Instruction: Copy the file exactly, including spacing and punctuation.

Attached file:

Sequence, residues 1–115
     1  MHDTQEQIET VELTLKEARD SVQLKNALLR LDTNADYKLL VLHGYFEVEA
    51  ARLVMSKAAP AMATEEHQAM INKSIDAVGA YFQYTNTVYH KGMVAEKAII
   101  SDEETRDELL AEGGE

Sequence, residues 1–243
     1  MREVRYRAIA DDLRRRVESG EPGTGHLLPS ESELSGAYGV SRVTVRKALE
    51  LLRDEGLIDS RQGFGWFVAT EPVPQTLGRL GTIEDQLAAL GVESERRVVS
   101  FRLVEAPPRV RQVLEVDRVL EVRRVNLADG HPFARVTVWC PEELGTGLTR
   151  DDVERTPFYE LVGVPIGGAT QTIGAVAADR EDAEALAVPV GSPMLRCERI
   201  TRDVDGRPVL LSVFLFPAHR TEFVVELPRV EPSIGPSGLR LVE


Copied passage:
Sequence, residues 1–115
     1  MHDTQEQIET VELTLKEARD SVQLKNALLR LDTNADYKLL VLHGYFEVEA
    51  ARLVMSKAAP AMATEEHQAM INKSIDAVGA YFQYTNTVYH KGMVAEKAII
   101  SDEETRDELL AEGGE

Sequence, residues 1–243
     1  MREVRYRAIA DDLRRRVESG EPGTGHLLPS ESELSGAYGV SRVTVRKALE
    51  LLRDEGLIDS RQGFGWFVAT EPVPQTLGRL GTIEDQLAAL GVESERRVVS
   101  FRLVEAPPRV RQVLEVDRVL EVRRVNLADG HPFARVTVWC PEELGTGLTR
   151  DDVERTPFYE LVGVPIGGAT QTIGAVAADR EDAEALAVPV GSPMLRCERI
   201  TRDVDGRPVL LSVFLFPAHR TEFVVELPRV EPSIGPSGLR LVE